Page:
Template-Based Text Generation

Written by on September 28, 2020 in LISP, Natural Language Processing, Programming with 0 Comments

I had written earlier about natural language generation using my iLangGen framework. I used a “template” text file which was instantiated dynamically based on predefined “grammars” and external data. The sample application I show-cased demonstrated its utility and versatility.

Today I would like to touch upon a few other “pattern” elements that can be embedded in the template. All these patterns, including the ability to specify grammar rules,  make this template-based approach quite powerful and applicable in real-world applications.   

Structure of Template File

The template file can have normal text that will be instantiated, as well as supporting code fragments (only Lisp is supported as of now).

The “text” section starts with the marker “@text” and ends with “@end”. Code section starts with the marker “@code” and ends with “@end”. In case many functions are to be defined, it might be convenient to keep the code in a separate file and reference it using “@code-file” marker.

Here is the overall structure example:

@code-file “utils.lisp”


The actual template text goes here…


Anything in this area (outside of sections) is ignored..


Lisp code goes here…


Supported Patterns

The text section contains the actual text that gets instantiated based on different patterns embedded in it.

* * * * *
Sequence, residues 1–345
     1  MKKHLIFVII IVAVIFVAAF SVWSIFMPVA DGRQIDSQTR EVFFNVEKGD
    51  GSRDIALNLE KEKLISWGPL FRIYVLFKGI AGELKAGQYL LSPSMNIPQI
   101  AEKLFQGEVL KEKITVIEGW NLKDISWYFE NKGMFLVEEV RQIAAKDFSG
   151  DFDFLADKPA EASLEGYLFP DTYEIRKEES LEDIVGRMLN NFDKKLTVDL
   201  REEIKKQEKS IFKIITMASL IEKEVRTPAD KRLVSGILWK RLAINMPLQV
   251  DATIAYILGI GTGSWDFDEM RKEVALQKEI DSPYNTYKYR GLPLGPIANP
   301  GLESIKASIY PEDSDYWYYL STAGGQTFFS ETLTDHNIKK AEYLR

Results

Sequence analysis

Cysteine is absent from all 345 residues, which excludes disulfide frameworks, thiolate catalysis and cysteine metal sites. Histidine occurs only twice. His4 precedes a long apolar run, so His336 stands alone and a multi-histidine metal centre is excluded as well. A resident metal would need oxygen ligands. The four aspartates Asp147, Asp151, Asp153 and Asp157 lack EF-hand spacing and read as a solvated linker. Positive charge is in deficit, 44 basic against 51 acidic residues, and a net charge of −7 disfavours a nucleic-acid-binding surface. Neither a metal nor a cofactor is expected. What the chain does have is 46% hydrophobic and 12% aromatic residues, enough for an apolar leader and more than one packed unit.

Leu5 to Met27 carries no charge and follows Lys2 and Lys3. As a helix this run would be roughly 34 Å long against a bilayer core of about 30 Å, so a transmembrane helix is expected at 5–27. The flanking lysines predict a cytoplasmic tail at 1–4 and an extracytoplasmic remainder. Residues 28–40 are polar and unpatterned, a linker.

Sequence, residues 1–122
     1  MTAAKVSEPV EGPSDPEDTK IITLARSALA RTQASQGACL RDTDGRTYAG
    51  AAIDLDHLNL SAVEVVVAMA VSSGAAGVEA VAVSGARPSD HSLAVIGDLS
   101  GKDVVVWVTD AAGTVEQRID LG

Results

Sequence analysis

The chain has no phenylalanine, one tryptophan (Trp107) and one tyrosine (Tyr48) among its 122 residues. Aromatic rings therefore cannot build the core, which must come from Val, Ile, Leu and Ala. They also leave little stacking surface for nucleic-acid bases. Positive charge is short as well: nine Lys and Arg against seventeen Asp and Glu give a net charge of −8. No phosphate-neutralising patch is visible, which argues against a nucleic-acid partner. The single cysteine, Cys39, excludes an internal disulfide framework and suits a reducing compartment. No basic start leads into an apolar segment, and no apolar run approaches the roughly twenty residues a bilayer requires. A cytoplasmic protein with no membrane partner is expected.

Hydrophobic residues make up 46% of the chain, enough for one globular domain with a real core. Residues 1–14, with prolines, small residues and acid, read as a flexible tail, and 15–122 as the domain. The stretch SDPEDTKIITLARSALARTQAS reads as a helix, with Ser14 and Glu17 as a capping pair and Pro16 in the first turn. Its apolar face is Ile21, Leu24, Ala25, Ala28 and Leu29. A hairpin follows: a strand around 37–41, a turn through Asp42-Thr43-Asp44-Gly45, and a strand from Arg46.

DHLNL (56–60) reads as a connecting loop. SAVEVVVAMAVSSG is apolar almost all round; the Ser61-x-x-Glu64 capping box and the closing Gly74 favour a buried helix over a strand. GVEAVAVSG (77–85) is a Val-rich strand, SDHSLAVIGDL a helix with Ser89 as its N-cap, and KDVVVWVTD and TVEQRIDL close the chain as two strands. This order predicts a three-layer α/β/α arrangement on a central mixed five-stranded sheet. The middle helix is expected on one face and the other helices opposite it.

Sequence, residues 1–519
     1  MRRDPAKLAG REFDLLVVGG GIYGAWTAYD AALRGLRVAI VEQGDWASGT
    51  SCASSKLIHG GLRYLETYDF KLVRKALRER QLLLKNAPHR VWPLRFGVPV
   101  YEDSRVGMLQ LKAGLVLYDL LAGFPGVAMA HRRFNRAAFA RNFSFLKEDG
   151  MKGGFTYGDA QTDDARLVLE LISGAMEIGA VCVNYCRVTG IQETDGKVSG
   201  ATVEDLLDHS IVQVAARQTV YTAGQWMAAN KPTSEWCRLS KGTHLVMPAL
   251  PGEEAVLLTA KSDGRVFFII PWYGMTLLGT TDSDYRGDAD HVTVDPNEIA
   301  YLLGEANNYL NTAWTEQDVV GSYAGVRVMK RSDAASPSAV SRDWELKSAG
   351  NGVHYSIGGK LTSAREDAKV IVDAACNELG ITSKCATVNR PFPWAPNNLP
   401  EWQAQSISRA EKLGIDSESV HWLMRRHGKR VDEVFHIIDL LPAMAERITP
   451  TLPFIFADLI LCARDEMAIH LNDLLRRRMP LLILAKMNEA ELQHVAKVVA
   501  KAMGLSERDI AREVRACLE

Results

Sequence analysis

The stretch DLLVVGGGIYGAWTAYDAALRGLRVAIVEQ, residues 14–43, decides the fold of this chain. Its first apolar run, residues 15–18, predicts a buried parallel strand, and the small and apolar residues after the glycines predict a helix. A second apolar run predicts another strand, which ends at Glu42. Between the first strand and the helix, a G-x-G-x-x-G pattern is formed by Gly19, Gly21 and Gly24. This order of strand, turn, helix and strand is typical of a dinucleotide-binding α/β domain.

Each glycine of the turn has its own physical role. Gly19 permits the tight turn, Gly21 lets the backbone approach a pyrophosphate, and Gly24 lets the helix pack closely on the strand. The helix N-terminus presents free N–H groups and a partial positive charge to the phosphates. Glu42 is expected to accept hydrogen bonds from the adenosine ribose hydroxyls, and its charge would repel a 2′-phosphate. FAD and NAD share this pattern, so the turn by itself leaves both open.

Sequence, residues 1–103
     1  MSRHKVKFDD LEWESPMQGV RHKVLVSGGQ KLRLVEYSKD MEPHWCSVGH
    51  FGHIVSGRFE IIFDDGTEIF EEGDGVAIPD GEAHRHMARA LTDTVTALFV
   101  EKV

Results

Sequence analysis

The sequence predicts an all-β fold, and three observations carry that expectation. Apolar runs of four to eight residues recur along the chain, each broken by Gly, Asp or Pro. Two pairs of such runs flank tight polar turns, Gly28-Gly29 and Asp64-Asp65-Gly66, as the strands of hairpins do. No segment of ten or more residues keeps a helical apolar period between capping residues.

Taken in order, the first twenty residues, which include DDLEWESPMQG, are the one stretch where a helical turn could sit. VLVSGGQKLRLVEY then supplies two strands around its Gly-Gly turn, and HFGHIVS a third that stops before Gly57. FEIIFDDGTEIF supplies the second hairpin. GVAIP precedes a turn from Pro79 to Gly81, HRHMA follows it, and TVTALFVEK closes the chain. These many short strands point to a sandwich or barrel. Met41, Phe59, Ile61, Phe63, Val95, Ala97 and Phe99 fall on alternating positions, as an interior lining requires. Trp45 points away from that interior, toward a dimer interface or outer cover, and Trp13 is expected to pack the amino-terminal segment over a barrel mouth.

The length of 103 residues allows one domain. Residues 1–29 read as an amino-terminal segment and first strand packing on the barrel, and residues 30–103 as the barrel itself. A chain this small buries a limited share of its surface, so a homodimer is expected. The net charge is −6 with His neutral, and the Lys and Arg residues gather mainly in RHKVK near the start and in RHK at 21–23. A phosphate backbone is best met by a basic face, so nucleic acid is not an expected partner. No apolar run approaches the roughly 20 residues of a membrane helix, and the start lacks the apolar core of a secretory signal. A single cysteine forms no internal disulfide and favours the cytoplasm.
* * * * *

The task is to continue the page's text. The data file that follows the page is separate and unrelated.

A pattern is defined within the delimiters “{{“ and “}}”. The different patterns are

Grammar Pattern:

We saw this example in the earlier article. It is of the form {{Grammar::Non-Terminal}}. During instantiation, the grammar is invoked starting at the specified non-terminal.

Immediate Value:

This has the form {{! $1}}. The variable “$1” specifies the first argument passed to the template processor function. Allowed variables are “$1” … “$5”. As part of template expansion, the variable’s value is directly substituted at the place where the pattern appears.

Function Call:

Similar to the grammar pattern, function application gives tremendous expressive power to the template structure. It looks like this: {{function arg1 arg2 arg3}}. The arguments can be literals or the run-time parameters “$1” … “$5”.

Embedded Template:

It is possible to specify another template file to be instantiated and the result embedded as part of this template instantiation. The syntax is {{<  another-template-file.txt}}. This is another feature of immense value since we can now allow template composition and hence take advantage of reusable structures.

Here is a sample template file.

Template File

Template File

The above template contains one “Immediate Value” pattern and two “Function Call” patterns. You can also see the code section that contains a single function definition and also a reference to an external code file. Here is the code file:

External Lisp Code

External Lisp Code

Instantiating the Template

Template instantiation occurs through the function call “process-template-file”. See the invocation below:

Instantiating the Template

Instantiating the Template

The first argument is the template file to be instantiated and the remaining arguments (optional) represent the run-time arguments “$1” … “$5” we mentioned earlier. You can see how the template gets instantiated.

This example does not use the “Embedded Template” pattern. I will discuss this pattern and its usage in detail in a future article.

Hope you find the idea interesting. iLangGen framework and the template-based generation engine are all written in LispWorks Lisp.

Have a great week!

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